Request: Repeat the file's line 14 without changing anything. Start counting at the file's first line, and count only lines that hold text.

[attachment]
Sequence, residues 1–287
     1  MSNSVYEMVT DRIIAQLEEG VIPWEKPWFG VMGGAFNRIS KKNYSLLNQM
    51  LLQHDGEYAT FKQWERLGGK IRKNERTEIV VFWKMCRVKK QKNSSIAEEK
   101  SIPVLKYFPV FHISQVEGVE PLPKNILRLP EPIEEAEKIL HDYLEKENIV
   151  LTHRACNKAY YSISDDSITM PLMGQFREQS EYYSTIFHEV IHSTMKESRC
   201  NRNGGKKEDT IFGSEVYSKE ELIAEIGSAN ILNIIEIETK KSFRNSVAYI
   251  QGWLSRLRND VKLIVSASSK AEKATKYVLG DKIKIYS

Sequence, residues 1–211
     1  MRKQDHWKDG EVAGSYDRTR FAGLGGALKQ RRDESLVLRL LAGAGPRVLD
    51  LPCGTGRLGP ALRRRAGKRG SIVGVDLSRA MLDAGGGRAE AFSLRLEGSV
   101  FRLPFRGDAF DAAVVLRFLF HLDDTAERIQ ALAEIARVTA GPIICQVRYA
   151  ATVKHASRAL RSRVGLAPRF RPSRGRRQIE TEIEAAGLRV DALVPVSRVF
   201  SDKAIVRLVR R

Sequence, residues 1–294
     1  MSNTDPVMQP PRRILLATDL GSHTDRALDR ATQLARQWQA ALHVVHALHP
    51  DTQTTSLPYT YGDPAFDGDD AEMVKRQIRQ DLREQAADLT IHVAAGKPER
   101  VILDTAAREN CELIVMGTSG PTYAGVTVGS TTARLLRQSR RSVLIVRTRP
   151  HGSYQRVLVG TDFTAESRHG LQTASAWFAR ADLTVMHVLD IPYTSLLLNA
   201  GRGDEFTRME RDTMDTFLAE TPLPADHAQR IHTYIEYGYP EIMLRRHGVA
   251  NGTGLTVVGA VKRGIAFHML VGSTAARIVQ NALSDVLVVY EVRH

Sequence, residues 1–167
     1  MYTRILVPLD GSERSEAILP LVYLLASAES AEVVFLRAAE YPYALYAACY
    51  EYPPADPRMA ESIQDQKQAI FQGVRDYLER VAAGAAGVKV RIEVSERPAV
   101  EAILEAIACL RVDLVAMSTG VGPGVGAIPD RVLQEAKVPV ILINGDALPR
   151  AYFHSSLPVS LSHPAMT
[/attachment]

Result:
Sequence, residues 1–294